Intel 34nm SSD released

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eit412
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Intel 34nm SSD released

Post by eit412 » Tue Jul 21, 2009 8:52 am

New 34nm Intel SSD's should be faster and cheaper based on THIS article at Anandtech

Matija
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Post by Matija » Tue Jul 21, 2009 9:56 am

I'd be willing to pay 50€ for a 128 GB version. Still much, much too expensive.

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Post by nutball » Tue Jul 21, 2009 10:02 am

Too expensive by far, and it looks like they're playing marketing silly-buggers with Windows 7 TRIM support. Intel should stick to enterprise-grade SLC stuff.

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Post by croddie » Tue Jul 21, 2009 10:10 am

I disagree. This is great value. And will have TRIM support.
For $225 you get an 80Gb boot drive, a decent size for OS and programs and non-media files for many people. A drive which might double or triple the speed of the computer for average uses. Low-power, silent, small, and robust too.

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Post by Matija » Tue Jul 21, 2009 10:18 am

1) $225 *will* translate to at least 225€ or £225

2) People content with 80 GB of storage space are also content with an old HDD

SSDs are still very far from having great value. But should I manage to win the lottery and stop worrying about putting food on my table, I'll consider them ;)

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Re: Intel 34nm SSD released

Post by AZBrandon » Tue Jul 21, 2009 10:22 am

eit412 wrote:New 34nm Intel SSD's should be faster and cheaper based on THIS article at Anandtech
I would say the drive is quicker, not faster. The difference is that quick is generally the term you'd use to describe latency, which seems to be what they've addressed in bringing random read latency down to 65 microseconds and increasing 4KB write IOPS from 3300 to 6600-8400 IOPS as a result of the improved latency. The throughput is still the same 250/70 mb/sec, so I would say the drives are equally fast to the old ones, just quicker. To see the expected prices dropping from $345 to $225 for the new 80gb model is very exciting.
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Re: Intel 34nm SSD released

Post by eit412 » Tue Jul 21, 2009 10:43 am

AZBrandon wrote:I would say the drive is quicker, not faster. The difference is that quick is generally the term you'd use to describe latency,
Good point about the difference between latency and throughput. I was just quoting the original article. The price was the part I was excited about. I will deffinatley be picking up one of these in a couple of months and loading Windows 7 on it for my HTPC.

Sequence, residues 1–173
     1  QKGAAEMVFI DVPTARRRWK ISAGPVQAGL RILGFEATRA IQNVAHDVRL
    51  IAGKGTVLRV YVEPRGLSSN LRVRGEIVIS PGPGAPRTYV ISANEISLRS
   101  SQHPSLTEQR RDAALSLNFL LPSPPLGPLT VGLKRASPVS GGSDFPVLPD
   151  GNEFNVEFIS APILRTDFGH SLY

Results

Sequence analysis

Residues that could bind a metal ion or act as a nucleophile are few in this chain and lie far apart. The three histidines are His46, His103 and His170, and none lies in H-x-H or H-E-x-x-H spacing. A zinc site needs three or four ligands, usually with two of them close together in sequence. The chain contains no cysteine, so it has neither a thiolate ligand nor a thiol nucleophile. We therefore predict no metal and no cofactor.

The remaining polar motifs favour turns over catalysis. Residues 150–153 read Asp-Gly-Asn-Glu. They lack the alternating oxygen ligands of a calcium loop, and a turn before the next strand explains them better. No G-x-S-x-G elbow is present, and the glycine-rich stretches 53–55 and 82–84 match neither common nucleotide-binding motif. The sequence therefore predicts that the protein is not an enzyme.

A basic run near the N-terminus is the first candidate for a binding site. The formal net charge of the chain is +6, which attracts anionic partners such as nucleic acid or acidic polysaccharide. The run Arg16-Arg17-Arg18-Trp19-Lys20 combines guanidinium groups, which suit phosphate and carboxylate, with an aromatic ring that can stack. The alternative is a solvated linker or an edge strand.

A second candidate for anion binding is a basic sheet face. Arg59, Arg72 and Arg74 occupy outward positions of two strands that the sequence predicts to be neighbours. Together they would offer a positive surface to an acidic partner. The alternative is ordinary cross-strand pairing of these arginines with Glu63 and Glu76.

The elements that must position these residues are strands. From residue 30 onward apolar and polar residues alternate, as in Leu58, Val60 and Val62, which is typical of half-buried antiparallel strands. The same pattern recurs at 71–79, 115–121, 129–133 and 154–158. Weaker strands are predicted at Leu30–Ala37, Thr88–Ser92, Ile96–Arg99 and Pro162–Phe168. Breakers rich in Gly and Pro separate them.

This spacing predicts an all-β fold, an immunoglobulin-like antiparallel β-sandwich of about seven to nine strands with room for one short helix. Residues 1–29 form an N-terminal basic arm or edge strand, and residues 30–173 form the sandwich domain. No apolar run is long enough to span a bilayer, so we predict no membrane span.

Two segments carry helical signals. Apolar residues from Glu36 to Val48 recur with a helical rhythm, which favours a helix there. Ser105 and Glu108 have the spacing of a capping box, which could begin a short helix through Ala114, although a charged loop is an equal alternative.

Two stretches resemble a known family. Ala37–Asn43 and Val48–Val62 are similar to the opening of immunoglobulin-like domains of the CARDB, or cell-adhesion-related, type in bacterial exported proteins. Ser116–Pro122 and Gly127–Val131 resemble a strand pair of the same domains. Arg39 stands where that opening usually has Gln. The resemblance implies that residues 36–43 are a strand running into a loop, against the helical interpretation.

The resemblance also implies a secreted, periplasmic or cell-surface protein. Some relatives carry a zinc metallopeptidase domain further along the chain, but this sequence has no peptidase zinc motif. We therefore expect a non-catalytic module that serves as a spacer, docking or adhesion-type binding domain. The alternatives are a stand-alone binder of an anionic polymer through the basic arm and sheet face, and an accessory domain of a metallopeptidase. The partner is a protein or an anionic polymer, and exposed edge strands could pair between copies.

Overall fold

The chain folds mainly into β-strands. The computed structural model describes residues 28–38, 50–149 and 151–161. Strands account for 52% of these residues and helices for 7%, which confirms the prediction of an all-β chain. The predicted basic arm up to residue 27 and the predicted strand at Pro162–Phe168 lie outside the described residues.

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Post by nutball » Tue Jul 21, 2009 11:02 am

croddie wrote:I disagree. This is great value. And will have TRIM support.
Sorry. I'll be more explicit. This drive will get a firmware upgrade to support TRIM, the previous generation won't. This is just a marketing ploy to get people to buy a new, expensive, SSD to replace the old one.

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Post by qviri » Tue Jul 21, 2009 12:15 pm

Matija wrote:2) People content with 80 GB of storage space are also content with an old HDD
Actually, far from it. 64 or 80 GB is more than enough for a standard office setup, and comfortable for a programming setup. As a programmer, I would absolutely love a 80 GB SSD in place of the slow 160 GB 7200.7 in my computer right now - improvements in both random access and continuous read would be ridiculously huge.

You could even put on a couple of testing or development VMs on the 80 GB - practically zero access time would be very handy for using two OSes at once.
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Post by Matija » Tue Jul 21, 2009 12:21 pm

A standard office setup could run on a dinosaur-age 10 GB drive. We're talking mainstream here.

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Post by qviri » Tue Jul 21, 2009 12:26 pm

Except again, it couldn't, because that'd be entirely too slow.

I think there's a fair market of people who don't need half a terabyte but would appreciate the speed.
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Post by Matija » Tue Jul 21, 2009 12:52 pm

People in my office are running on very old 20 GB Maxtor drivezzzzzzzzzbbbzzzzzzzzz and nobody is complaining because they have no reason to. They don't need anything faster. I have an 80 GB Seagate and while it's a bit slow because of high access time, it's not really that annoying, and doesn't hurt my work at all.

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Post by PartEleven » Tue Jul 21, 2009 12:58 pm

I don't see what you are arguing about. Mainstream or not, those who want the speed SSD offers aren't necessarily going to need a terabyte of space. My system partition is only 100gb. It'd be even less if I chose to install my programs into a separate drive.